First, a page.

Since the term mediation has a variety of meanings (also positive), we have to be careful in order to understand it in Lachs’ context. The term signifies a more and more indirect way in which our activities get realization in the contemporary world. Due to a longer chain of intervening factors and unpredictable circumstances, many of us feel our activities as if fragmented, accidental, and fungible. Sometimes, we ourselves feel like that too. What are the specific negative consequences of extended mediation? What is the bad side in the context of the individual sense of well-being and the good life? In The Cost of Comfort we can read about six of them: passivity, impotence, ignorance, manipulation, psychic distance, and irresponsibility. All of them, if true, create a paradoxical sensation that despite the affluent society we live in, the sense of the quality of living diminishes for many members of this wealthy society, and this is because all these enumerated phenomena contribute to a sense of frustration and discomfort rather than the opposite—contentedness, fulfillment, and sanity.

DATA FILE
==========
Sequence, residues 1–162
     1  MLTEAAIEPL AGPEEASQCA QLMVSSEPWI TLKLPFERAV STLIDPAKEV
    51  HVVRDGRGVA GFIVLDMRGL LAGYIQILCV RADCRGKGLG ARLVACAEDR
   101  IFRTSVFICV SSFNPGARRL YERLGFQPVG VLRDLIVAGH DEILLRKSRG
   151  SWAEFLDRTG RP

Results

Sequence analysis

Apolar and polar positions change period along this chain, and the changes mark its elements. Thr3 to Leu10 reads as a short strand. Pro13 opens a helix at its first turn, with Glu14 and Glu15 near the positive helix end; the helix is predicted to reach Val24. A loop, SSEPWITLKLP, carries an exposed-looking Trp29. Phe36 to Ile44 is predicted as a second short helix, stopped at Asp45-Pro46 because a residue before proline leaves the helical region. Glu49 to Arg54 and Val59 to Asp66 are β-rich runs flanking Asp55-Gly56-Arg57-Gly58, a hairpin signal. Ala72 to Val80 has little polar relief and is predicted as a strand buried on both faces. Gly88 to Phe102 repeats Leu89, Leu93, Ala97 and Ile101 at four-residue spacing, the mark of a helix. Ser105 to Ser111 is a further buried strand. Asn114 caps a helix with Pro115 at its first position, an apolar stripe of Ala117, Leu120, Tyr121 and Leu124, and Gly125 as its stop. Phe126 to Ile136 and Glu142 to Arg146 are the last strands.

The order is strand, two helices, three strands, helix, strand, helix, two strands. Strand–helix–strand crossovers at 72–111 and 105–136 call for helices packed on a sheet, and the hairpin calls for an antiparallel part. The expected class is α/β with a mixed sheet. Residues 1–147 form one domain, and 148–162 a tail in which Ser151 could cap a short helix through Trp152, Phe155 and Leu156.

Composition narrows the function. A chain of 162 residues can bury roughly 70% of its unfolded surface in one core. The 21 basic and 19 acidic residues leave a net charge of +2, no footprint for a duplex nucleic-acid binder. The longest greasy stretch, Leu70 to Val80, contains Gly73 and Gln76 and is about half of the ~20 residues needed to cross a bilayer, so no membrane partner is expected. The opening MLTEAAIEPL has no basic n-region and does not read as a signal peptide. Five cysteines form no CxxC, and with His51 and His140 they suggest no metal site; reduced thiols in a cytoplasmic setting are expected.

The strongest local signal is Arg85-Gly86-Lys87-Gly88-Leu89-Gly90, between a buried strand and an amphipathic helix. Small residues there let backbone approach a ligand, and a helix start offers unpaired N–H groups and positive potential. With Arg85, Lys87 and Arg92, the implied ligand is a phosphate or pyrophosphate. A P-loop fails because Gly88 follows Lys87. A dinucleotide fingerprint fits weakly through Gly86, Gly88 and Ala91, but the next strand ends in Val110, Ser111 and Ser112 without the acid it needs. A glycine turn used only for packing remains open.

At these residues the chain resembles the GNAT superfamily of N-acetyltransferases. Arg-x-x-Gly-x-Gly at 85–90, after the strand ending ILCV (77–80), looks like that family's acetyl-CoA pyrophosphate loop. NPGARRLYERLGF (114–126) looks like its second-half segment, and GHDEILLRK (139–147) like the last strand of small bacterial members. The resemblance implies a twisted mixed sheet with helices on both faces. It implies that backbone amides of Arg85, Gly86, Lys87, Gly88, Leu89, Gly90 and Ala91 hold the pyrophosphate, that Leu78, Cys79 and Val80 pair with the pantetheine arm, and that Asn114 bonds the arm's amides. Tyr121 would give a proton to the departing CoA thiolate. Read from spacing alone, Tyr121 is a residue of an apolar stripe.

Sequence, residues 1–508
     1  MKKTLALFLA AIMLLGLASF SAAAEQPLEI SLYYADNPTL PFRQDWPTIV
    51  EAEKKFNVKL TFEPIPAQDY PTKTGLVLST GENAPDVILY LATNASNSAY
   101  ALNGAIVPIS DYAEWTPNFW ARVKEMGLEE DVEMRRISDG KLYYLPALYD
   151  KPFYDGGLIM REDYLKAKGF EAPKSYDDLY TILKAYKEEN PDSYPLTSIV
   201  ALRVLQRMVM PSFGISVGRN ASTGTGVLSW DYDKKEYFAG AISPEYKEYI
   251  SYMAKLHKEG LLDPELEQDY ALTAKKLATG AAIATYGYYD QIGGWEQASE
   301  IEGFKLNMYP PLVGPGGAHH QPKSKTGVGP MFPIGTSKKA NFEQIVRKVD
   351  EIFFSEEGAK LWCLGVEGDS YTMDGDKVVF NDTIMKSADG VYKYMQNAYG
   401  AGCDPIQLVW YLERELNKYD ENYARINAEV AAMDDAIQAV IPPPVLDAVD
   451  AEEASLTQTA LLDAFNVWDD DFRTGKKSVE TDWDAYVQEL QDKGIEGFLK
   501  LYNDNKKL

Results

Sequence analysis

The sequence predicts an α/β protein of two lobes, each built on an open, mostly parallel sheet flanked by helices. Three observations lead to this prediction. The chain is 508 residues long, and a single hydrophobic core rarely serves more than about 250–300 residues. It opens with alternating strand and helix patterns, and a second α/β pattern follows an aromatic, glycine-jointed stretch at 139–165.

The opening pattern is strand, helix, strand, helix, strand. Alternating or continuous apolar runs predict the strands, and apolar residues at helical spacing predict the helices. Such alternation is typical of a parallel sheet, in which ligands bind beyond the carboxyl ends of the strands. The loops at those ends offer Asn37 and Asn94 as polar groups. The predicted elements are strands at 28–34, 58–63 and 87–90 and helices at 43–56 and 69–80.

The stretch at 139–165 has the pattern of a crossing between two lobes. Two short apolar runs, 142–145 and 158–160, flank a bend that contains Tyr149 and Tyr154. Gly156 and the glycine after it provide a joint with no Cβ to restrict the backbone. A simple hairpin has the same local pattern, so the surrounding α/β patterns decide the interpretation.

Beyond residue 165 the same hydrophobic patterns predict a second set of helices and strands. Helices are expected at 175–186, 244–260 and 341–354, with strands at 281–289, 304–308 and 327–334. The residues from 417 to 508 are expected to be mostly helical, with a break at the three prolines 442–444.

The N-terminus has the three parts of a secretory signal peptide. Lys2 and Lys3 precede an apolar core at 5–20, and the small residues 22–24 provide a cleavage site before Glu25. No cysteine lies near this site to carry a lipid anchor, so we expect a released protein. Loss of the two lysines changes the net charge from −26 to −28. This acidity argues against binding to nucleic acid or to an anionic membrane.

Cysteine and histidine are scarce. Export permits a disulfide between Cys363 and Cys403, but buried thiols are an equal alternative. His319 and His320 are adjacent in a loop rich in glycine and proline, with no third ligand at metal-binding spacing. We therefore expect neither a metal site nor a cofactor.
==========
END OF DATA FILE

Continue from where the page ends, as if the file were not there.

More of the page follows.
The first of these, passivity, does not mean that people are generally less active. A fist-look-view at Western societies should suggest just the opposite: we seem to be more and more active in various areas of life, both private and public. However, this sort of activity makes us more busy with all sorts of obligations (mainly at work) and must-do-actions (mainly consumption) that are imposed upon us from the external world rather than make us active with activities of our own agency. And it is the latter that more substantially elevate the quality of lives. To use Lachs’ words: “We do what is expected of us, but the source of our activities does not reside in us. Though we do things, we feel that we sing someone else’s tune: countless others claim possession of our souls. As a result, we feel passive in our activities and active only when we are left alone to do what we really want” (p. 31).